What role do empathy and emotions play in the cultural world of today and tomorrow? In the first part of the interview series, curator Julia Grosse talks to Elisabeth Wellershaus about her latest book, the work of John Akomfrah, and changes in the cultural sector.
John Akomfrah’s film installations take a critical look at colonial pasts, global migration, and the climate crisis, yet the artist never loses sight of his empathy for all forms of life. How does the German cultural world view emotions and empathy, and what demands and transformations should cultural institutions meet in the future?
These are the kinds of questions curator Julia Grosse discusses in her multi-part interview series together with Elisabeth Wellershaus, Karina Griffith, and others. The series kicks off with journalist Elisabeth Wellershaus, who was nominated for the German Non-Fiction Prize in 2023 with her book “Wo die Fremde beginnt” (“Where Foreignness begins”).
JG: These days, museums and other cultural institutions are under huge pressure. They have to be a sustainably managed space accommodating many voices, and more diverse in their programs and structure, critical of power, self-critical, and much more besides. Why, in your opinion, is this process of transformation necessary?
EW: If museums are to reflect how our understanding of society and coexistence can change, then they, too, must join in the self-questioning and transformation processes that accompany us in complex environments and times. It is precisely at times like these, when increasingly entrenched populism and the risks of right-wing extremism, on the one hand, confront the struggle for participation and visibility by marginalized groups, on the other, when nature itself is fighting for survival in many places, and when crises are turning into wars, that institutional frameworks are needed where art can criticize, inspire, and shake things up without hindrance. We need open spaces in which culture can set the formats and tones. Where it is not driven by geopolitical or social snaring, and where it can free itself from the dependency of hierarchical institutional structures.
JG: Do you think institutions will look different in a few years’ time? What might you like to see here?
EW: South African curator Molemo Moiloa describes very aptly in her work that museums are above all opening up in those places where they move away from a fixation on objects and towards a more social practice. People don’t just go to museums out of intellectual curiosity. In most cases, it is also a question of being touched from different perspectives. What a wonderful thought it would be if this touchability could also extend to a togetherness between the public, artists, museum employees, and the neighborhoods surrounding the museums.
JG: In the final analysis, Akomfrah’s practice is inspired by a practice of coming together, of caring and healing. By having to endure the fact that there are countless layers between one perspective and another, and that ultimately it is a space we have to share. Do we have to fight more for this space of simultaneity? What’s your view on that?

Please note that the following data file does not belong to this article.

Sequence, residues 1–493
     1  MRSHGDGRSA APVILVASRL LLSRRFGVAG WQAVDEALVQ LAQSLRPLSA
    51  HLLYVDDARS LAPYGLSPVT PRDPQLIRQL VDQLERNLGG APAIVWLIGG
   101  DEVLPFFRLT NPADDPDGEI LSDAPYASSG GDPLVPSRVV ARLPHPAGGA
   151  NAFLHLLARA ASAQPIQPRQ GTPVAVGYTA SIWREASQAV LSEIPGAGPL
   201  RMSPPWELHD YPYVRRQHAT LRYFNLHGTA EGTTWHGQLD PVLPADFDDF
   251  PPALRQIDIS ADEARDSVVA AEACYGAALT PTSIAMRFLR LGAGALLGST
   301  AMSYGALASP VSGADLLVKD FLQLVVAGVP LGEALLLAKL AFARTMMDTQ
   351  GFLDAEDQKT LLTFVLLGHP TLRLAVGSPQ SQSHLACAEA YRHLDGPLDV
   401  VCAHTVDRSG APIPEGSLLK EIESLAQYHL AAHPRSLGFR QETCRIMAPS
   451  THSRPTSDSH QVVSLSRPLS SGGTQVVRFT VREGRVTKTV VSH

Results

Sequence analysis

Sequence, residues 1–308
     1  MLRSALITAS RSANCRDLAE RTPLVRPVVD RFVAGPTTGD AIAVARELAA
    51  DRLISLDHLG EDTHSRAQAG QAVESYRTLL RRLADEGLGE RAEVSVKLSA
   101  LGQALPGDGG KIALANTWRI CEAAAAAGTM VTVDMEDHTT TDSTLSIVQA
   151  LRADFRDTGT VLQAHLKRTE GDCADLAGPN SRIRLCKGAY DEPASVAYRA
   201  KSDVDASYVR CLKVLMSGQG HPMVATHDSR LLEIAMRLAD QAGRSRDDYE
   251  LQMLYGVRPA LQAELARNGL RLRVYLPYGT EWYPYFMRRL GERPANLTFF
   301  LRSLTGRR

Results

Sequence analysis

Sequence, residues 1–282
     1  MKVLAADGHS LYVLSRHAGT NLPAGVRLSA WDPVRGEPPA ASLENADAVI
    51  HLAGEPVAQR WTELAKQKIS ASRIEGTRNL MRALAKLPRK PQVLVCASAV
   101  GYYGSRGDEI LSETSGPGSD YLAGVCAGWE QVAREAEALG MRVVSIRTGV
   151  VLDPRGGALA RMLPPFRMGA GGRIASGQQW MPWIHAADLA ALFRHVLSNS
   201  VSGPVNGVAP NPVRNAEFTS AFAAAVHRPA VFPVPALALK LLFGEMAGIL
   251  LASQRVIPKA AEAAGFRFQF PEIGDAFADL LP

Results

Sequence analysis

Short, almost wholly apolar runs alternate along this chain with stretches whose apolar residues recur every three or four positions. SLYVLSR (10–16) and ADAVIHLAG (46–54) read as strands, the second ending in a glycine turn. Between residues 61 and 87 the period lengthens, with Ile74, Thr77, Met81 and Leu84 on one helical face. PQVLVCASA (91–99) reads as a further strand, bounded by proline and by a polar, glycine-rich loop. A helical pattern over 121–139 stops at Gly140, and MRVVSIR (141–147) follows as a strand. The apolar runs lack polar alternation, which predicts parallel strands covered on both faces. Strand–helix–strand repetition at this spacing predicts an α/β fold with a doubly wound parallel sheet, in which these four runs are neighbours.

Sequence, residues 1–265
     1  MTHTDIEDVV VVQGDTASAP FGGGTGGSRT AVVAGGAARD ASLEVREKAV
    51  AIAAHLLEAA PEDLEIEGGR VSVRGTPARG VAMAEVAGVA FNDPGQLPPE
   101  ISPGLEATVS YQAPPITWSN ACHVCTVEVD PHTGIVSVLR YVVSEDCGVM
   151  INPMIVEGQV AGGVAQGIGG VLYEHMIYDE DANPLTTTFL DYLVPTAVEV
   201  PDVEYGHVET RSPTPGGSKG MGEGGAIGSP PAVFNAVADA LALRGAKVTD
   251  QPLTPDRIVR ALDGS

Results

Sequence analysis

EW: For me, John Akomfrah is a wonderful reminder that the way we interpret historical events is always personal. And that they can crash into the perceptions of the present at full speed if you shift perspectives by just a few degrees. The flexibility to contextualize things again and again in different constellations is so important in these times. But that’s not the only reason why I could immerse myself in his works for hours; I also find that, on the one hand, they linger in poetic slowness, yet on the other, they invite us to indulge in rapid changes of perspective. Enduring the simultaneity of such narratives also means resisting the positioning reflexes of the present.
JG: Elisabeth, Akomfrah’s work “The Unfinished Conversation” is a kind of homage to the late Stuart Hall that touches in a very poetic way on Hall’s lifelong theme of the complexity of identity, which, according to him, is constantly in flux. Your book “Wo die Fremde beginnt” argues along similar lines, doesn’t it? Can you tell us a bit about it?
EW: I believe that right now there is a rapidly growing longing for clarity in a heterogeneous environment of the many. And here it is all too easy to overlook how great the potential of such diversity is. In my experience, our social potential does not lie in some romanticized visions of a completely happy world of inclusion. Rather, it lies in engaging in and enduring processes of negotiation that can be exhausting and painful, but in which genuine encounters take place. Perhaps it also lies in the willingness to constantly rethink historical certainties, social alliances, and entrenched group affiliations – as a prerequisite for us to keep moving as a community of many.
JG: Specifically in German cultural institutions, there are barely any discourses on love, emotions, and empathy. Why, in your opinion, are these tendencies more than necessary in a cultural institutional context at the present moment?
EW: There have repeatedly been instances of art being appropriated for political ends and ideologically charged, so the languages of the artists threaten to disappear behind some debates. I believe that in this context it is almost always beneficial to slow down because that way one does not lose sight of the act of listening in an overstimulated present. When openness towards the positions of “others” form part of a practice of listening, and people are caring, then surprising moments where people connect often develop out of difference. Right now, I’m reading Corine Pelluchon and thinking: Where space is created for the most diverse narratives of human experience, perhaps there is also room to rediscover some hope in the apparent impossibilities of the present.